Central air conditioners (ACs) are rated according to their seasonal energy-efficiency ratio (SEER), which is the cooling output divided by the power input. Basically, a higher SEER means a more efficient air conditioner. Most AC units range from a SEER rating of 6 to 18. New standards enacted this year have raised the SEER requirement from 10 to 13, which is the first change in 14 years. The ACEEE recommends a SEER rating of at least 14.5.
Most US homes are heated with a furnace or boiler. Energy Star furnaces have an annual fuel utilization efficiency (AFUE) rating of 90 percent or greater, making them about 15 percent more efficient than standard models. The most efficient boilers have an AFUE rating of 85 percent or greater. (If you have another type of heating system, visit www.energystar.gov to see what you should look for.)
When to replace: If your heating and cooling units are old, worn out, or inefficient, you should replace them with high-efficiency models—especially if you use one or the other nearly every day. Your system technician or an energy auditor (available through your local utility) can help you evaluate your existing system and decide whether to replace it.
Extra efficiency Tips: Most people buy AC units that are unnecessarily large for their homes; visit www.energystar.gov to find what size unit your home needs. Choose “zone heating and cooling” to heat or cool only the rooms you’re using. Use a programmable thermostat. Get your systems tuned up according to manufacturer guidelines. And plug and seal all leaks in your home.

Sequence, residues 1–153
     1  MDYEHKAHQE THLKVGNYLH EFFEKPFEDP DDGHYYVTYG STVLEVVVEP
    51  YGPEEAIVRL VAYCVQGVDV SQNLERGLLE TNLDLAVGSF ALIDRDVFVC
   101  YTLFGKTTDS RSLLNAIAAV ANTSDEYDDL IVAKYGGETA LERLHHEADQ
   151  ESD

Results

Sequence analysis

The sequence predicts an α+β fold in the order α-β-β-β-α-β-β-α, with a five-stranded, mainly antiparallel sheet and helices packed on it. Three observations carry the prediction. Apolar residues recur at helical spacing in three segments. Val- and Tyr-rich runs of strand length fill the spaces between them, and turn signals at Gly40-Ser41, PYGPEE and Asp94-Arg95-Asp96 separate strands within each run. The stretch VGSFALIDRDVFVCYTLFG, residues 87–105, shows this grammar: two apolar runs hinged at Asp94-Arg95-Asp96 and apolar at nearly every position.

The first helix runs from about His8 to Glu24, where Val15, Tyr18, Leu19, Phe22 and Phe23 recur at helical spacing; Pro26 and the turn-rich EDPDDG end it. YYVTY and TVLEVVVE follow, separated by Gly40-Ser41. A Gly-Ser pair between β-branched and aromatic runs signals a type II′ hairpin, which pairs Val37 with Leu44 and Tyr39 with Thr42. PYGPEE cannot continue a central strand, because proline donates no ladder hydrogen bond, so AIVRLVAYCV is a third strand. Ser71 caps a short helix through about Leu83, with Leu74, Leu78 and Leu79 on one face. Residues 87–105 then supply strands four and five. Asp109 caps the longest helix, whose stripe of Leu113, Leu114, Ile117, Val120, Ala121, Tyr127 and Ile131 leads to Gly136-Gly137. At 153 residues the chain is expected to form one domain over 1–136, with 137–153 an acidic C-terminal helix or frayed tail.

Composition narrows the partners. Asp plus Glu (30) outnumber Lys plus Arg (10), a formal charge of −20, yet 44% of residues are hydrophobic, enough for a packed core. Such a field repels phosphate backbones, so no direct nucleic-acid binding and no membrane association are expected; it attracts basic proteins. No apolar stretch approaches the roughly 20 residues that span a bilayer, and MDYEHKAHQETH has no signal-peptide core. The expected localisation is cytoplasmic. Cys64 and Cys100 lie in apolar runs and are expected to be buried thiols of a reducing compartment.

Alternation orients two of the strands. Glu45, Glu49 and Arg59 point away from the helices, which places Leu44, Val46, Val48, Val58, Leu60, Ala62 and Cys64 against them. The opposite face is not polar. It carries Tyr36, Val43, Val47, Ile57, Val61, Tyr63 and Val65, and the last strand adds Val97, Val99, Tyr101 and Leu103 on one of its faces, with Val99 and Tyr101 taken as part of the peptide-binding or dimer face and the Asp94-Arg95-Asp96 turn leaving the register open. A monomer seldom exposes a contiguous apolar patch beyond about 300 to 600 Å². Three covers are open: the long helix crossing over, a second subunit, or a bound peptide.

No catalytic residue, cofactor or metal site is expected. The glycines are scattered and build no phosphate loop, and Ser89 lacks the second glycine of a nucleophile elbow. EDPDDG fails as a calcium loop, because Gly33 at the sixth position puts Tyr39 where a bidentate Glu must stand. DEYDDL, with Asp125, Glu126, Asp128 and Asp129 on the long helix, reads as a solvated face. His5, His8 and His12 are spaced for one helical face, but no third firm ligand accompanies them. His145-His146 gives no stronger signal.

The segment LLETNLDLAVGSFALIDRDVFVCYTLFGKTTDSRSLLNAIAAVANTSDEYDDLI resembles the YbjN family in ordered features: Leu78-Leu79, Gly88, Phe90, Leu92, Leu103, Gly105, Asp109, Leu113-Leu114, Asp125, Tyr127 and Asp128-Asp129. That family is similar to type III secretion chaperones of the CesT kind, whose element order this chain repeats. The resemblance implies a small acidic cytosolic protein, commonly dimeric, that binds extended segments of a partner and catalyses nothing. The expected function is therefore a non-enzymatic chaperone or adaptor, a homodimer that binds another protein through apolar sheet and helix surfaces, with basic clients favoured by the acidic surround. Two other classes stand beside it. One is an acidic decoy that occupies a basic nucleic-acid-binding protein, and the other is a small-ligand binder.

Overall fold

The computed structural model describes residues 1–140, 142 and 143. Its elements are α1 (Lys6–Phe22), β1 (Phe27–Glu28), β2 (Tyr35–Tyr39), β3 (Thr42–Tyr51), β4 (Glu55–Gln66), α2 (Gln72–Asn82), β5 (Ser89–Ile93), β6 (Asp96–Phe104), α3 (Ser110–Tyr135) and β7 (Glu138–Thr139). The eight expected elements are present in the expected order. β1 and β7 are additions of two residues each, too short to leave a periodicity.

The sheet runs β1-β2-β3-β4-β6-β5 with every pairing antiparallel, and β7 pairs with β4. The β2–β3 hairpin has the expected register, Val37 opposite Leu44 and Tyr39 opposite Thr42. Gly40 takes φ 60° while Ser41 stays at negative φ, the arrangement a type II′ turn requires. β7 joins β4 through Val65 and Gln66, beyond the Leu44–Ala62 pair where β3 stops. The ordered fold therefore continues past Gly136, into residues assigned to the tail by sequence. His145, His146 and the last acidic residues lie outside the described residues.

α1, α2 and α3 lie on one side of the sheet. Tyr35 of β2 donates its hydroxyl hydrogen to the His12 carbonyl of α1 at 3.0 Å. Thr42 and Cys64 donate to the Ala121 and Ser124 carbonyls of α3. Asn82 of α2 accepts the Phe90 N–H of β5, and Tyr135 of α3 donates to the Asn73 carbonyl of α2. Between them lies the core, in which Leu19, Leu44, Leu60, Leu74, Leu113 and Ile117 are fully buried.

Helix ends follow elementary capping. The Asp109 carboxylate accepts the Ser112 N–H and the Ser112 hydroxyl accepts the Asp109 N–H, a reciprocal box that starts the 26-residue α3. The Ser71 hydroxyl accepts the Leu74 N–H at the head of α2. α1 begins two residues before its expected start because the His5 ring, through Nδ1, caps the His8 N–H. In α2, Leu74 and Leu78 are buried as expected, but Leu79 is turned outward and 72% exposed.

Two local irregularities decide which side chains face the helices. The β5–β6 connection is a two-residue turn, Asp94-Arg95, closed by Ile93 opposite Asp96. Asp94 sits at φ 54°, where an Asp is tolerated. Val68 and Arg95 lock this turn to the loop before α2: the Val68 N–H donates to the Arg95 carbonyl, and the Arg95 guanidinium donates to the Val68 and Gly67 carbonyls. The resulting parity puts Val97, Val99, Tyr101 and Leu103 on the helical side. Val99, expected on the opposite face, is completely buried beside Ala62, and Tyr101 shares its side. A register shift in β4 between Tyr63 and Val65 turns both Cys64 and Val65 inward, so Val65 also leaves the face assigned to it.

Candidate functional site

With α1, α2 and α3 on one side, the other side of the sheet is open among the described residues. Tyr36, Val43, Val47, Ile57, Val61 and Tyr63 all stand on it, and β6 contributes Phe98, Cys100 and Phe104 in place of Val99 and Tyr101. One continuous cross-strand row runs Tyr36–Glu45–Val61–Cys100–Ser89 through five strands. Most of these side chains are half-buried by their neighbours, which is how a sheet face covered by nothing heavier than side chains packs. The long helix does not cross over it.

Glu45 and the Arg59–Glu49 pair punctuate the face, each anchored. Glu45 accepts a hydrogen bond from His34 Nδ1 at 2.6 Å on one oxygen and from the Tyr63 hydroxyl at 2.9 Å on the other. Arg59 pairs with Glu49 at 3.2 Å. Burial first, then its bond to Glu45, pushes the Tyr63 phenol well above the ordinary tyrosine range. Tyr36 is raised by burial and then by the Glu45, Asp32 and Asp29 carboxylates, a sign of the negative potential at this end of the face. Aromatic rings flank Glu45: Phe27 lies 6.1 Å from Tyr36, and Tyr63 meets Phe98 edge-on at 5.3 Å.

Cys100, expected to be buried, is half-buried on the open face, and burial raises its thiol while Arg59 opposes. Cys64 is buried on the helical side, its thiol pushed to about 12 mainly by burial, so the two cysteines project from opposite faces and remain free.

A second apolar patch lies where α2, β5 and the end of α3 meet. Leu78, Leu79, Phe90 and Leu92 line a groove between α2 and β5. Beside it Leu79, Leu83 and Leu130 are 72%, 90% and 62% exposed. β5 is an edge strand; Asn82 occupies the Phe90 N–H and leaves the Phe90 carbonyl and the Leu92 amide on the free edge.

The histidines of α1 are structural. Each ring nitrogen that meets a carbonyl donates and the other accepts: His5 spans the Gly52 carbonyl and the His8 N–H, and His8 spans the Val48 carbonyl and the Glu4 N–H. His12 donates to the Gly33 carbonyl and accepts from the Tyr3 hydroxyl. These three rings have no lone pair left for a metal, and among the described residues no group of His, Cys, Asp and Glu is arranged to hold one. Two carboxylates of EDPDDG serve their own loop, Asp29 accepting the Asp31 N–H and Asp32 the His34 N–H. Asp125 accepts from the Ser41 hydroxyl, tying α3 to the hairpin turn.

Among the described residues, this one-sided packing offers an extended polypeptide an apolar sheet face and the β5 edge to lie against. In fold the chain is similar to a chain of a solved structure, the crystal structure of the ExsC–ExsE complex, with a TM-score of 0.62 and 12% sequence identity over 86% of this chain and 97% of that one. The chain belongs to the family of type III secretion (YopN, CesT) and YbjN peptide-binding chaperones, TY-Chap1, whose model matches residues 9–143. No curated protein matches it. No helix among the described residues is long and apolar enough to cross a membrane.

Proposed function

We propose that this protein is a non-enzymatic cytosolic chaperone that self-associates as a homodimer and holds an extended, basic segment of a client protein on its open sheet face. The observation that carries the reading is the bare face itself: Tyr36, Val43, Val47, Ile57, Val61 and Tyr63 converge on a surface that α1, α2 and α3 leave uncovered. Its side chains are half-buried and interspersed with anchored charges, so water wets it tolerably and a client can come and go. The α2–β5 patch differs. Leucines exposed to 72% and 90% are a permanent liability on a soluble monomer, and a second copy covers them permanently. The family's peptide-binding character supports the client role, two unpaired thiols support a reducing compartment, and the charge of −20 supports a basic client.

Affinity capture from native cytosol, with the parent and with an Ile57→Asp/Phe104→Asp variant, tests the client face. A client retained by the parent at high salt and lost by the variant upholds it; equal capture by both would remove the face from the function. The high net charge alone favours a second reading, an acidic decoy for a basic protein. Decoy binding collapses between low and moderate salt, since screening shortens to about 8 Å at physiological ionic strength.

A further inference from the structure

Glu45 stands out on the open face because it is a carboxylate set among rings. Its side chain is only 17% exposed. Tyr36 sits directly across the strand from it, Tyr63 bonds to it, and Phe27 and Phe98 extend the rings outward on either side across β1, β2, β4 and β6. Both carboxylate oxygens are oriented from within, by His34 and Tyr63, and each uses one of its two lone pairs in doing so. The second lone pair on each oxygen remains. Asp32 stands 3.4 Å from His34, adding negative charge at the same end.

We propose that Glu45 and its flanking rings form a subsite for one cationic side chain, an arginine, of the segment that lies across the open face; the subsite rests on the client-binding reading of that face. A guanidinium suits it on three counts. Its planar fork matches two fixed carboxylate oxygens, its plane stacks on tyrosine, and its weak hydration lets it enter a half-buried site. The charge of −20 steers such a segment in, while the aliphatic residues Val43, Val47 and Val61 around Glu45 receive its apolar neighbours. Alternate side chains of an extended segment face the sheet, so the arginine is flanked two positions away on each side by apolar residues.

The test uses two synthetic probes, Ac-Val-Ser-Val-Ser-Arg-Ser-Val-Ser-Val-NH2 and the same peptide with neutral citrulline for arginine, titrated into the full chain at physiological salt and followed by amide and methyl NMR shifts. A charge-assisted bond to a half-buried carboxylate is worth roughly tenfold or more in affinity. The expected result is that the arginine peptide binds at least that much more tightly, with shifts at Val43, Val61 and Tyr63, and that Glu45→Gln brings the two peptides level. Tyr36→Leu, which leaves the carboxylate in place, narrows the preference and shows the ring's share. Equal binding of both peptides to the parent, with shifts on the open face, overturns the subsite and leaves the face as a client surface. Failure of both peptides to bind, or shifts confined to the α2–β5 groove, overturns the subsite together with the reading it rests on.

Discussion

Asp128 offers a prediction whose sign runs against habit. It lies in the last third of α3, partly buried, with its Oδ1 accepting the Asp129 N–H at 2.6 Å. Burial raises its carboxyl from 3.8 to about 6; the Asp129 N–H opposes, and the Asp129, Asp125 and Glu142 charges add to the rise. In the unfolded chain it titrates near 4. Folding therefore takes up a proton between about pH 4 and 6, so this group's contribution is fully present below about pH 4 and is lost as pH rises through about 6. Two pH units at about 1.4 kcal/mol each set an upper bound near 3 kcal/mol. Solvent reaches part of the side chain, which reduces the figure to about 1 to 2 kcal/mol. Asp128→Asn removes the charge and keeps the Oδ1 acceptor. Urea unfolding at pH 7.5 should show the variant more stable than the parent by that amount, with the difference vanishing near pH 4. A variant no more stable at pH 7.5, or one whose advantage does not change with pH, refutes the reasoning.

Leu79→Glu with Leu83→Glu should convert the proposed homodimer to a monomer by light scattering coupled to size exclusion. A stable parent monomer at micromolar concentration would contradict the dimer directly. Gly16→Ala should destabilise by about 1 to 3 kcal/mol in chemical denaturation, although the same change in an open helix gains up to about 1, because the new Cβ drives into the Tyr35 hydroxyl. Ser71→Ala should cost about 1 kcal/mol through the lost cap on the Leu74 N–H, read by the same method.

In most homes, the refrigerator is the biggest energy-depleting kitchen appliance. Energy Star refrigerators and freezers use about 50 percent less energy than models built before 1993.Energy efficient refrigerators have highly efficient compressors, improved insulation, and more precise temperature and defrost mechanisms to lower energy consumption.
When to replace: If you bought your fridge before 1993, replace it as soon as possible. A typical new refrigerator with automatic defrost and a top-mounted freezer uses less than 500 kWh per year, whereas a typical model sold in 1973 used over 1,800 kWh per year, according to the ACEEE. Replacing your energy guzzler with an efficient model will also keep 1,000 pounds of carbon dioxide out of the atmosphere each year.
Extra efficiency Tips: Position your refrigerator away from a heat source, like an oven, dishwasher, or direct sunlight. Keep the condenser coils clean. Check that the refrigerator door seals airtight. If you can program the temperature, set your refrigerator between 35° and 38°F and your freezer at 0°F. Pack your refrigerator and freezer to maximum capacity.
Washing clothes makes up 14 percent of the average US household’s energy usage, according to the DOE. An efficient washer expends 50 percent less energy than a standard washer and uses 15 to 22 fewer gallons of water per load, saving you about $100 per year. In addition, efficient washers are gentler on clothes, leading to less wear-and-tear.
New federal efficiency standards for clothes washers will go into effect in January 2007, and the Energy Star level will increase proportionately. If you’re in the market for a new washer, it would be best to wait until the new year.
When to replace: The ACEEE recommends replacing clothes washers older than ten years with Energy Star models after 2007. Water utility companies often offer rebates for high-efficiency models, so contact your utility company to save even more.